Methow Valley homes evacuated for wildfire
"It's better to err on the side of caution and give people ample time to do an orderly evacuation," Warriner said. "It's kind of creeping up over the ridge."
Warriner said occupants of about 75 buildings closest to the blaze would be asked to leave. But he said there was no imminent threat that the main part of the fire would reach the structures uncontrolled.
More than half of the residences in the north central Washington valley are summer homes.
The fire has roughly doubled in size in 24 hours, but much of the growth has been away from roughly 250 structures threatened by the fire.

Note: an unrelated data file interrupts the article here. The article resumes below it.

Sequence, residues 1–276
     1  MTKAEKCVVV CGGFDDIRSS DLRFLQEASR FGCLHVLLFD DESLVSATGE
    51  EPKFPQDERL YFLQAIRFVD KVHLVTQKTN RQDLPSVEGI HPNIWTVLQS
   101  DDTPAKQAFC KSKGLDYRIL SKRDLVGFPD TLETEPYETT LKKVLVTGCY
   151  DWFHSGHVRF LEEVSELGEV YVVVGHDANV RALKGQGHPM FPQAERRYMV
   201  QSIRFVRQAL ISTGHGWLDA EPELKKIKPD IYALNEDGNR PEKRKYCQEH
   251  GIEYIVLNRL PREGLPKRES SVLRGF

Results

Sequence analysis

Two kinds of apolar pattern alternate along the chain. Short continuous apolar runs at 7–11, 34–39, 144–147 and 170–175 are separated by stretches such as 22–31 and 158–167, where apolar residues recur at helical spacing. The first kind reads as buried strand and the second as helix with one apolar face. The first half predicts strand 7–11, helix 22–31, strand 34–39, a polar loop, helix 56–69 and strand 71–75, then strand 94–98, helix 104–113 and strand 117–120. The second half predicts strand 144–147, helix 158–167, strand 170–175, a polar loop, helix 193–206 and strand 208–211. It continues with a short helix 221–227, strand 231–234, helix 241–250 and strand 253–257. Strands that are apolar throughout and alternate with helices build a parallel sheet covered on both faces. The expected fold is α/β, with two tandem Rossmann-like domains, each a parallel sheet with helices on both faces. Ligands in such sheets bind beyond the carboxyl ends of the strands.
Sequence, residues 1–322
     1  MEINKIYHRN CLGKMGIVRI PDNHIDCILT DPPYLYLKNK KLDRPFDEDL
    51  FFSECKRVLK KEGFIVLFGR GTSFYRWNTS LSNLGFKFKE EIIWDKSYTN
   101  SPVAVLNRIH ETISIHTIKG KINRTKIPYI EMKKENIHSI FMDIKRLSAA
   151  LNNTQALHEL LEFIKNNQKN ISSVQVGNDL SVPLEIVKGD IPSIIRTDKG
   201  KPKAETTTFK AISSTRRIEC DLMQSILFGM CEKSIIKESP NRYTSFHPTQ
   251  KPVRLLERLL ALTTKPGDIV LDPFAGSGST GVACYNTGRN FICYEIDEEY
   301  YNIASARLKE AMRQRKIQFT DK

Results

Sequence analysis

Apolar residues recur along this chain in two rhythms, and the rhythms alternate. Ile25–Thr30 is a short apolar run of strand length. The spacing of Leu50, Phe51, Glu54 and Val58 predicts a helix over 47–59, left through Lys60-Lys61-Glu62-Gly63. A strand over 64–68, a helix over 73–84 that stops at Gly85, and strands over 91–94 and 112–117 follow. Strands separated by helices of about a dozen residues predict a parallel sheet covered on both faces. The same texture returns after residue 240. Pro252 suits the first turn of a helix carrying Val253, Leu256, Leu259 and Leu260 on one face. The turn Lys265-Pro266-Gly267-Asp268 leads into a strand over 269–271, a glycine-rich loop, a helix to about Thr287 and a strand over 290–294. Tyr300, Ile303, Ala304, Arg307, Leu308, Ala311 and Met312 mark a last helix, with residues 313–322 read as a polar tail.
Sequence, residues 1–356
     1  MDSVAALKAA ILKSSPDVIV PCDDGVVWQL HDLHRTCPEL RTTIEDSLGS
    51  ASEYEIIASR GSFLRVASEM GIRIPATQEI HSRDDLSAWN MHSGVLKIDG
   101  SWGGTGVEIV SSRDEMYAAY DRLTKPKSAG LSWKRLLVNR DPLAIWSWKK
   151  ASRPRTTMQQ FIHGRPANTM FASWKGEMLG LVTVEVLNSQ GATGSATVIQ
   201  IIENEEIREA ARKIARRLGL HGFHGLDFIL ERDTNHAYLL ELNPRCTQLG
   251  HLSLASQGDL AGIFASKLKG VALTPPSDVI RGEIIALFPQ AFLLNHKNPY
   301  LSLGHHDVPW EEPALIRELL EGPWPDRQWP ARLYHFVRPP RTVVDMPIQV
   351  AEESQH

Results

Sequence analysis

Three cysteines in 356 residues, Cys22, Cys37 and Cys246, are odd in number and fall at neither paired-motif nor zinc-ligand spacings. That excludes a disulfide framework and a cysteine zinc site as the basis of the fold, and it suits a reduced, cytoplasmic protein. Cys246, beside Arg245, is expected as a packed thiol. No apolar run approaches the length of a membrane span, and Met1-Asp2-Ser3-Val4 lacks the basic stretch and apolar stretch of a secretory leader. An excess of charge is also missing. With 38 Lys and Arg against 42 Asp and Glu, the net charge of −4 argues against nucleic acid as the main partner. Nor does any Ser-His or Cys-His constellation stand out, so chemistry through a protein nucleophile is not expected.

A cold front that moved through early Sunday morning brought no rain and intermittent winds. While other weather systems moving in are raising hopes for firefighters elsewhere, Warriner said there's no real hope for relief in sight for the Needle Creek crews.
"If we're looking for a big rain, we're not going to get it," Warriner said. "It's a little cooler, which is nice, helpful, but it's not something that's going to stop this fire."
About 450 firefighters were working the blaze, many of them trimming trees and pulling firewood away from homes.
Lightning started the fire Aug. 5, but it remained at about 20 acres
until hot weather moved into the area last weekend. It had grown to
3,000 acres by Thursday and was 7,000 acres Saturday.
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